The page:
Increasing Black Homeownership

Kristy Fercho

 

Over this past year, home has never been more important.  Safe, affordable housing has long been one of the most common aspirations for all Americans, and the principal way most families build wealth in this country. Yet obtaining this goal remains more difficult for people of color.


The racial homeownership gap is as large today as it was during the days of segregation, with the white homeownership rate roughly 30 points higher than Black households. New Urban Institute analysis shows that the gap may continue to grow absent intentional action. This has lasting implications: when one generation misses the wealth-building opportunities of homeownership, successive generations feel the impact as well.


For me, this is personal. As a Black woman and the Head of Wells Fargo Home Lending, I am passionate about growing Black homeownership and providing access for those shut out of the American dream.


I’m proud to have a leadership role at Wells Fargo as we take action to increase Black homeownership. We’re doing this by incorporating low-down payment financing options and closing cost credits available through offerings like our new Dream. Plan. Home.℠. programs; diverse, in-market sales teams ready to provide access and support; collaboration with non-profits that understand local markets and more. These efforts are part of our $60 billion commitment to growing Black homeownership. Wells Fargo is also investing $50 million in Minority Depository Institutions to empower diverse communities.


Housing stakeholders must work together to close this gap, bringing unity to this urgent moment, and I have seen firsthand the great work underway not just by lenders, but also advocates, and policymakers. In addition to my role at Wells Fargo, I’m also the chair-elect of the Mortgage Bankers Association (MBA) board of directors and the leader of the affordable homeownership working group for the Office of the Comptroller of the Currency’s Project REACh, which promotes financial inclusion through greater access to credit and capital.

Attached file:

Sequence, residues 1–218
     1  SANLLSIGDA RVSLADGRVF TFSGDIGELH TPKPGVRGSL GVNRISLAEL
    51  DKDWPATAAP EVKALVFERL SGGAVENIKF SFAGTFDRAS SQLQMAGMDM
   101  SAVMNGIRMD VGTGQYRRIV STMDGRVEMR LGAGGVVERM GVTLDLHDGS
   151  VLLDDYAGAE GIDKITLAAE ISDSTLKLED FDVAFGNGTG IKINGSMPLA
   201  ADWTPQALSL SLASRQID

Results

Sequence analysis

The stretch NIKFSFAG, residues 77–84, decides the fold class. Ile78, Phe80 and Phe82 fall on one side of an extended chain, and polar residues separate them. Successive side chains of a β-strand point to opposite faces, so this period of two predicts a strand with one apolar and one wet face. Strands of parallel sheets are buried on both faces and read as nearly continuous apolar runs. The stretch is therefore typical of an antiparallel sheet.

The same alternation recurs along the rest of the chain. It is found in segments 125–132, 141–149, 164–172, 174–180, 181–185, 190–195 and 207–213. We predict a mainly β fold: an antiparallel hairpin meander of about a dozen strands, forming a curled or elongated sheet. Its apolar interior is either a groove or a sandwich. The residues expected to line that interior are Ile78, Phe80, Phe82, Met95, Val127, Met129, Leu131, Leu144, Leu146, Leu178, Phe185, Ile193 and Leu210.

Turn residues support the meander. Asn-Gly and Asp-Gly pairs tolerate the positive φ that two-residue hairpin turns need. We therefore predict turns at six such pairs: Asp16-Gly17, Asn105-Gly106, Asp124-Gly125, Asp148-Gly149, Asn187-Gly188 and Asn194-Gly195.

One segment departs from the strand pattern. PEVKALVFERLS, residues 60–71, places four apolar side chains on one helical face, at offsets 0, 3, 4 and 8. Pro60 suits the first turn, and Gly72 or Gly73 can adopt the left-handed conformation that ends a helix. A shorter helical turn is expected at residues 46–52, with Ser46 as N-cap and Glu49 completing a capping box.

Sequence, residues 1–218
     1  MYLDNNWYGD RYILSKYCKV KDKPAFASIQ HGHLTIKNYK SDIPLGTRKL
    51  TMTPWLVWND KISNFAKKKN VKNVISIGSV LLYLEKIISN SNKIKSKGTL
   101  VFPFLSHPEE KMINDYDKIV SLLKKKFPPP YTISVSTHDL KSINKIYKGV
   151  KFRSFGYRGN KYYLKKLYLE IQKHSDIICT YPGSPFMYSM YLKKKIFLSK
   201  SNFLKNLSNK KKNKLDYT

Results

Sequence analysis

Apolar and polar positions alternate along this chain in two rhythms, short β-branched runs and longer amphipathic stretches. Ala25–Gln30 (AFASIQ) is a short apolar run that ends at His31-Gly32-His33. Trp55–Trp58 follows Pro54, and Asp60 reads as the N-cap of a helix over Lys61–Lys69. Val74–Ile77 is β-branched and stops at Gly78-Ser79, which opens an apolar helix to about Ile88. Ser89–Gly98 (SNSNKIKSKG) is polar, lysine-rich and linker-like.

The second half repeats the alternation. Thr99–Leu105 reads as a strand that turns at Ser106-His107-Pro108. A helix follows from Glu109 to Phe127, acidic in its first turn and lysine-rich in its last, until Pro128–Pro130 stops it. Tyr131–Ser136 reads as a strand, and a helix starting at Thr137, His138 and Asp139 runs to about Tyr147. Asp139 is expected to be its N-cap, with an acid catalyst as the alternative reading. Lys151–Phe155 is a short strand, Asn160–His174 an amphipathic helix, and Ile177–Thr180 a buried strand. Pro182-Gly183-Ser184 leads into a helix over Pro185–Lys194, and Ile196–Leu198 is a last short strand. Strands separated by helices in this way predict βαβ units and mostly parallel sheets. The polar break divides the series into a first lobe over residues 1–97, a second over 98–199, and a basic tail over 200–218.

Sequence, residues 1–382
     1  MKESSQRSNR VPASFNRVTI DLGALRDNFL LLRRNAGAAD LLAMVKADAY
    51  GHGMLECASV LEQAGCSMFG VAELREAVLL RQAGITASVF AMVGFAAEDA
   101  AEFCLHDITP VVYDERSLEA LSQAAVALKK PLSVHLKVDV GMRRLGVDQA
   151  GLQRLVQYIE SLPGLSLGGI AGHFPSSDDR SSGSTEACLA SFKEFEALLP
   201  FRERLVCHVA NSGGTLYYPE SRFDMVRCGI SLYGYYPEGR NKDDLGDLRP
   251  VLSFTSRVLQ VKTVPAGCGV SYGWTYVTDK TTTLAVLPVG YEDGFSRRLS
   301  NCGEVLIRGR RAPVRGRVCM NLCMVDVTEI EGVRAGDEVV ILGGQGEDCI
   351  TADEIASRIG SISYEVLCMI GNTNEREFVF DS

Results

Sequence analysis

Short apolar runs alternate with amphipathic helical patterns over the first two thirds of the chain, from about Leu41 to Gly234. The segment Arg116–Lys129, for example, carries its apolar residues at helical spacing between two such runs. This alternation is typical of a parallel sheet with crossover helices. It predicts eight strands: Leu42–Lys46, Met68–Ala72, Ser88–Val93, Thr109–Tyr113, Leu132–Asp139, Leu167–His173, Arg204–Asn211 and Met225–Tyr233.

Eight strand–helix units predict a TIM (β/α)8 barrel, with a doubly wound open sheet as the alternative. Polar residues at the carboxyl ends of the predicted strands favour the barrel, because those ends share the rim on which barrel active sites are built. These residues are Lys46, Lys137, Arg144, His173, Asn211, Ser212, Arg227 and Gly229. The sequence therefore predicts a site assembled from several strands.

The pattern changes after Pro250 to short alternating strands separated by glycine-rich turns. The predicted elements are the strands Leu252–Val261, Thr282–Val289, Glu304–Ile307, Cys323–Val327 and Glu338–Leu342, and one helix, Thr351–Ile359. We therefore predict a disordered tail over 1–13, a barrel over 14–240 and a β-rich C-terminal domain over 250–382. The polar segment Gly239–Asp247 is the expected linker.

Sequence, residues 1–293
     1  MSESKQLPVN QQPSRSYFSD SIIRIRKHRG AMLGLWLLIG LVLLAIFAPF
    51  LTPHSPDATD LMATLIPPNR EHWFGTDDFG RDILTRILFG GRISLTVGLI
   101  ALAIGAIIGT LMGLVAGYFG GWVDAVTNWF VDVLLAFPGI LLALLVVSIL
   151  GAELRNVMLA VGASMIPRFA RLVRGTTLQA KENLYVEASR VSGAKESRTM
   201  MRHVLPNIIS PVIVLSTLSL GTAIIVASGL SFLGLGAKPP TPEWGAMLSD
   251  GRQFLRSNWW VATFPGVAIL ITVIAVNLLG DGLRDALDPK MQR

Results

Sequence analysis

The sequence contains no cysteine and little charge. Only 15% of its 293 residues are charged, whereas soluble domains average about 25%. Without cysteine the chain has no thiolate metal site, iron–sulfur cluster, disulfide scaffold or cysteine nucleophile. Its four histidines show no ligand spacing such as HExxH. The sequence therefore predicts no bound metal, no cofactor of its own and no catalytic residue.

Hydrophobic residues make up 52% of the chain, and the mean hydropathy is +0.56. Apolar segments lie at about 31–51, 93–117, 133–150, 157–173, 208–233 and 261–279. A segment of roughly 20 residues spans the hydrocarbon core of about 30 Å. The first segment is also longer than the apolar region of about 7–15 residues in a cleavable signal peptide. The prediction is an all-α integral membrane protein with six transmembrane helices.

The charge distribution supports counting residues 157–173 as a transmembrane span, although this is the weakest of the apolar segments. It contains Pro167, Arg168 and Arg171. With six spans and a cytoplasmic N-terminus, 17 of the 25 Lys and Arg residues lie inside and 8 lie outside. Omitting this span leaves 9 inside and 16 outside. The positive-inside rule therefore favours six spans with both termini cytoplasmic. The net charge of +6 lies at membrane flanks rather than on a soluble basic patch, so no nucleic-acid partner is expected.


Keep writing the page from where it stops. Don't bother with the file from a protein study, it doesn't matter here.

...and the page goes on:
For the MBA, one of our goals is to drastically increase affordable homeownership in the next two years by working with member companies and policymakers to take action now. As the Biden administration takes shape, our mission is to drive consideration of policy actions focused on housing, such as first-time homebuyer credits and FHA reforms.
Project REACh convenes stakeholders from government, financial institutions, nonprofits and more to tackle the structural barriers that have contributed to the racial homeownership gap. Removing these barriers to financial inclusion will help millions of people, previously left out of the system, gain access to more opportunities for themselves and their families.

 

Even as we work together to address barriers to homeownership, there are steps potential homebuyers can take to ensure they are best positioned to reach their goals.

  • Build your savings: trim unnecessary expenses and reduce any outstanding debts.
  • Find a qualified lender: compare different lenders and their loan offerings to find the right fit.
  • Do your homework: learn about your property value and equity, mortgage payments, 
first-time homebuyer programs and down payment assistance.
  • Know your borrowing power: get pre-qualified or pre-approval to find homes that 
fit your budget.

We all have a role to play, and while none of us can break down these barriers alone, if we are united in our pursuit, we can make a huge impact together.

For Wells Fargo’s homeownership resources, visit: myfirsthome.wf.com

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